As part of the political bargain to get insurance companies to support insurance for all regardless of risk, called community rating, New York State deregulated the market, allowing insurers to charge as much as they wanted within certain profit margins. The state can require companies to retroactively refund overcharges to consumers, but it seldom does.

Now, Gov. David A. Paterson has proposed to reinstate prior approval by the state of rate increases for the small group and individual plans, as a way to reverse New York’s death spiral of healthy people fleeing the market.

...[Mark L. Wagar, the president of Empire BlueCross BlueShield] also said that New York’s medical costs, universally acknowledged as being among the highest in the country, were a factor in its high premiums. He noted that the state already regulated insurance company profit margins, allowing them to allocate no more than 25 cents of every dollar for profits and administration in small group plans and 20 cents for individual plans. The governor is proposing to lower both margins to 15 percent.

Troy Oechsner, deputy superintendent for health at the State Insurance Department, blamed the insurance companies for raising rates beyond what was necessary — by being off on their projections — thus accelerating the exodus of healthy people.

“What we saw them do is they really jacked up rates because they could,” Mr. Oechsner said.

To a large extent, insurance companies police themselves, according to Mr. Oechsner. From 2000 to 2007, insurance plans reported that they exceeded state profit allowances just 3 percent of the time, resulting in about $48 million in refunds to policyholders, Mr. Oechsner said. Yet subsequent Insurance Department investigations found that insurers should have refunded three times as much.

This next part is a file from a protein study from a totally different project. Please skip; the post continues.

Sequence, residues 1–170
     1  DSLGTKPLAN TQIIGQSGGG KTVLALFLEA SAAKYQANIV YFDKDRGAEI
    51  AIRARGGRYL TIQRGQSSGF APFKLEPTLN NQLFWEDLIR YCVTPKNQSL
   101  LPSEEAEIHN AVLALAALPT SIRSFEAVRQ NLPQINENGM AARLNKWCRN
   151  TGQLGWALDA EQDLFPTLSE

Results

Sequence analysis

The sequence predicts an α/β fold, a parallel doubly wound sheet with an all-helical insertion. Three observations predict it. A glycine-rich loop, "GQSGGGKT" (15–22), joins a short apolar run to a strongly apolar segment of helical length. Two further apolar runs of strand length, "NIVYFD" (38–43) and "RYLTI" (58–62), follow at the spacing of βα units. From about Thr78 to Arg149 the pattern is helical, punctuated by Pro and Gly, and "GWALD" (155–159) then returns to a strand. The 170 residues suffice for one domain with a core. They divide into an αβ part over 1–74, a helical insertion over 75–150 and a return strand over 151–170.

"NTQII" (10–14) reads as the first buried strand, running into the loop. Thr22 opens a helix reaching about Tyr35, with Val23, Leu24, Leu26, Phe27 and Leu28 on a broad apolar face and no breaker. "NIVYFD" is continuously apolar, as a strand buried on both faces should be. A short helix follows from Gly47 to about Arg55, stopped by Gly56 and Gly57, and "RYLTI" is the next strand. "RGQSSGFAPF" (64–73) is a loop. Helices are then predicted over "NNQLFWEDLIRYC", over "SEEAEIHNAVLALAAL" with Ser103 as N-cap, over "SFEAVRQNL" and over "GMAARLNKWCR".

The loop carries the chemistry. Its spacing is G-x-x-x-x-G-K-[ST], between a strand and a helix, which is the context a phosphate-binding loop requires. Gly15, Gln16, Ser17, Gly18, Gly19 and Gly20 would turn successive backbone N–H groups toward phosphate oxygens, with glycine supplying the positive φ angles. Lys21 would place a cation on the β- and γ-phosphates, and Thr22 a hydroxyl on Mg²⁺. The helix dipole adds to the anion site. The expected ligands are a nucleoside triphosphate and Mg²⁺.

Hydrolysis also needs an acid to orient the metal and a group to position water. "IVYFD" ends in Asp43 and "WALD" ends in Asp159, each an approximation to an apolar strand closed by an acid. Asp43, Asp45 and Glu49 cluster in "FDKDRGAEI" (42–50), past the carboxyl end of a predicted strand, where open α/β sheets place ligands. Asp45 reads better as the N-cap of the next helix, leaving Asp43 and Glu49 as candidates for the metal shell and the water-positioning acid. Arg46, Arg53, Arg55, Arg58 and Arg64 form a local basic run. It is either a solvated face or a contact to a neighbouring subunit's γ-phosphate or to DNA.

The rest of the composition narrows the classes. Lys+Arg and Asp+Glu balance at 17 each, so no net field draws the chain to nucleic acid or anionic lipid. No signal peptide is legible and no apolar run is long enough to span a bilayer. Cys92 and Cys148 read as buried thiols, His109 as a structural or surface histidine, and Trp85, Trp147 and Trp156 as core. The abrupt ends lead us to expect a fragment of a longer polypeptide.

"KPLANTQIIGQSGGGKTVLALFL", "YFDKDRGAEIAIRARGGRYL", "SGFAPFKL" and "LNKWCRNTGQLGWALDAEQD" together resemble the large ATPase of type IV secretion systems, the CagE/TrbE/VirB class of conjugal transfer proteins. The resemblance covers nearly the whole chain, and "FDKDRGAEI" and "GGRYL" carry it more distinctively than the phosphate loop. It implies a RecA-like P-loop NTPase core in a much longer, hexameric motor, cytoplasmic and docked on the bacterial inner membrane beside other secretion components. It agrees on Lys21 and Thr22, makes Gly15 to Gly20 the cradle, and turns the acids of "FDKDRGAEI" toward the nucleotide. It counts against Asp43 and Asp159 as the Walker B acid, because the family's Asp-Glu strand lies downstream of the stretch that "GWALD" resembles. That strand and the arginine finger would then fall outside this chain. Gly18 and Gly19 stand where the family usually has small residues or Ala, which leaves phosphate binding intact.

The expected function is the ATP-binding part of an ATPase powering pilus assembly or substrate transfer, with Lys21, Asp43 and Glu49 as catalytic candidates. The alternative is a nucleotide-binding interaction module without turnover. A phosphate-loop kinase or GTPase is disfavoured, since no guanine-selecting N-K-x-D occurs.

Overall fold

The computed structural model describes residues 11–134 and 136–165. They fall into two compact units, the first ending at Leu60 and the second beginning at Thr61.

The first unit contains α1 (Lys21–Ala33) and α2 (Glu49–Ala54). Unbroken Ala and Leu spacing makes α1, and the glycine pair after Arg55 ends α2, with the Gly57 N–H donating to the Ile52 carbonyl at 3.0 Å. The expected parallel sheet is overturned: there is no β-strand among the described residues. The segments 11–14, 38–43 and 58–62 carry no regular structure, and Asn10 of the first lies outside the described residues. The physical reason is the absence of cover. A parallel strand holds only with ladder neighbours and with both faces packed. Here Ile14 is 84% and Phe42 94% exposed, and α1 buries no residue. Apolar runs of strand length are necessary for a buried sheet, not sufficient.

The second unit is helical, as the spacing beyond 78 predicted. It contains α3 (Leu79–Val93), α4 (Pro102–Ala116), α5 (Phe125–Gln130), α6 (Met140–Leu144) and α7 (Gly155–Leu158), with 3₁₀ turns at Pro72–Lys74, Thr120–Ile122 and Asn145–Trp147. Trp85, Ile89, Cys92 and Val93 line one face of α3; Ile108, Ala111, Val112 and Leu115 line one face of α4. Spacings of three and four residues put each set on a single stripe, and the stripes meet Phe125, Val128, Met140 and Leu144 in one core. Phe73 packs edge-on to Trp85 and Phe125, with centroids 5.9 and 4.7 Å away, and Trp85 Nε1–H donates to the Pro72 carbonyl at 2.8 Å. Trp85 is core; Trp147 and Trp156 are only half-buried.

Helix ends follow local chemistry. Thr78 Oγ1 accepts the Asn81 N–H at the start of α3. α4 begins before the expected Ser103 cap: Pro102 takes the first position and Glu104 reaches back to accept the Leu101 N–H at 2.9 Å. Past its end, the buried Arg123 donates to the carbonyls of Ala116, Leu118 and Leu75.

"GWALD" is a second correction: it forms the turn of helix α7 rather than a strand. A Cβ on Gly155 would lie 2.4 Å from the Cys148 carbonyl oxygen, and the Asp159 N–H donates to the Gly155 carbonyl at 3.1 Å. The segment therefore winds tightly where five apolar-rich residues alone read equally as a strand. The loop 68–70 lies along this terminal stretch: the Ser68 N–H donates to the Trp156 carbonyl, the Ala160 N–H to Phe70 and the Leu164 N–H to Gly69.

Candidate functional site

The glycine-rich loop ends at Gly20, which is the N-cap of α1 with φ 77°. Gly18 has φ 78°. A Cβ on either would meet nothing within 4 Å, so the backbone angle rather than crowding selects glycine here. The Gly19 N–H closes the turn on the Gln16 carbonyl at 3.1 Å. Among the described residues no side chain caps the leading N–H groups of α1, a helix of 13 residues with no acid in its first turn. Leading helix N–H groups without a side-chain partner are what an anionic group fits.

State profit allowances? A system where businessmen must approach state-appointed commissars for permission to make money? Is this New York or the Soviet Union? Moscow on the Hudson indeed. As Michael Moore might say, dude, where's my country?

In any case, defenders of ObamaCare argue that we shouldn't worry about the New York scenario playing out nationally because, in a blow for freedom and liberty, the federal government will avoid the death spiral by requiring all citizens to purchase health insurance:
The new federal health care law tries to avoid the death spiral by requiring everyone to have insurance and penalizing those who do not, as well as offering subsidies to low-income customers. But analysts say that provision could prove meaningless if the government does not vigorously enforce the penalties, as insurance companies fear, or if too many people decide it is cheaper to pay the penalty and opt out.

Under the federal law, those who refuse coverage will have to pay an annual penalty of $695 per person, up to $2,085 per family, or 2.5 percent of their household income, whichever is greater. The penalty will be phased in from 2014 to 2016.

“In this new marketplace that we envision, this requirement that everybody be covered, that should draw better, healthier people into the insurance pool, which should bring down rates,” said Mark Hall, a professor of law and public health at Wake Forest University. But he added, “You have to sort of take a leap of faith that that’s going to happen.”
Of course, we all know how well this system is playing out in Massachusetts.

It's all so infuriating. Health care "reform" measures based on expanded government intervention have failed everywhere they've been tried. They have failed in New York. Failed in Massachusetts. Failed in Tennessee, Maine and Oregon. Left-wing politicians are batting .000 with their various health care initiatives. And still they demand yet more power, forever promising this time will be different.

Related: Also see this piece from Steven Malanga on the New York health insurance follies.

1 comment:

Anonymous said...

So if health insurance is mandatory, rates are regulated by government, and much of the revenue is used to pay health costs for other people, shouldn't this be better called a tax to fund a new welfare benefit?